Sovereign debts are persistent--as financial obligations of a sovereign state, these debts survive the regime which contracted for them and bind future governments until the creditors are satisfied. Only under limited circumstances does international law allow for the cancellation of such debts. In the early twentieth century, Alexander Sack defined a class of sovereign debts--“odious debts”--which are particularly deserving of cancellation. To qualify as “odious,” a debt’s proceeds must have been literally or effectively stolen by a tyrant, leaving the population she once ruled to pick up the check.
Sack’s purpose for what has become known as the Odious Debt Doctrine is laudable: the former subjects of a deposed dictator should not be accountable for the odious debts that ruler contracted. The current doctrinal formulation, however, is unworkable. Courts are ill-suited to screen debts or regimes for “odiousness,” and contemporary sovereign lending practices are not adequately addressed by Sack’s rule. These twin problems of administrability and scope have kept the Odious Debt Doctrine from becoming an enforceable rule of international law.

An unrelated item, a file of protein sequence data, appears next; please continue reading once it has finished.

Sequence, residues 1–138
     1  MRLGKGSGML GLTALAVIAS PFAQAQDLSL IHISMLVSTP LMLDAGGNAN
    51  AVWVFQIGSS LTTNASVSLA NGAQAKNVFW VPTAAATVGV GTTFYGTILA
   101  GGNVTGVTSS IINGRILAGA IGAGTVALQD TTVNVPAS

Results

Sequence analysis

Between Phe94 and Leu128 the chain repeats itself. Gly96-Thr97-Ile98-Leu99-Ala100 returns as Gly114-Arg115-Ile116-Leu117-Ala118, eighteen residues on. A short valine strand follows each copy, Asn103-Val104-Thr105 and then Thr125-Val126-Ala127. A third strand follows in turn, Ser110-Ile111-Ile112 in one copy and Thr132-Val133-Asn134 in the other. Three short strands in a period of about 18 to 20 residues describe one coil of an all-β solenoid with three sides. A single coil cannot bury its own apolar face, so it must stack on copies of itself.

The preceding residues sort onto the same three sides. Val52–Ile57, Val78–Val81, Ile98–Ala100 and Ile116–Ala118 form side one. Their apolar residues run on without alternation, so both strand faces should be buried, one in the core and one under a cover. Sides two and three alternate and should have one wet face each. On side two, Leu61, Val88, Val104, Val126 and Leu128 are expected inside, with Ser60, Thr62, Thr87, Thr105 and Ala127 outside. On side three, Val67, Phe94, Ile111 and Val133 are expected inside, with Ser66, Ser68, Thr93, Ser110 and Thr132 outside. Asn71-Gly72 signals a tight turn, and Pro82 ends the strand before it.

Unlike much of the extant scholarship concerning odious debt, this Article aims to reconstruct an independent legal doctrine that is both judicially administrable and applicable to a wide variety of debts. The key to this novel conceptualization of the odious debt problem is that it replaces the traditional objects of analysis--the debt or regime in question--with a new analytical target: the debtor’s expenditures. For decades, the national laws of taxation have reliably sorted expenditures for favorable or unfavorable tax treatment, and the doctrine I propose--the Odious Expenditure Doctrine--co-opts this framework for a similar purpose. At base, it is not the people who contract them, the creditors who lend them, or the terms of their transfer that make debts “odious.” What makes a debt odious is the villainy it funds. The Odious Expenditure Doctrine reflects this realization, and constructs a rule that enables the judicial enforcement of Sack’s original goals.
- odious debt,
- sovereign lending,
- sovereign bankruptcy
Available at: http://works.bepress.com/bradley_lewis/1/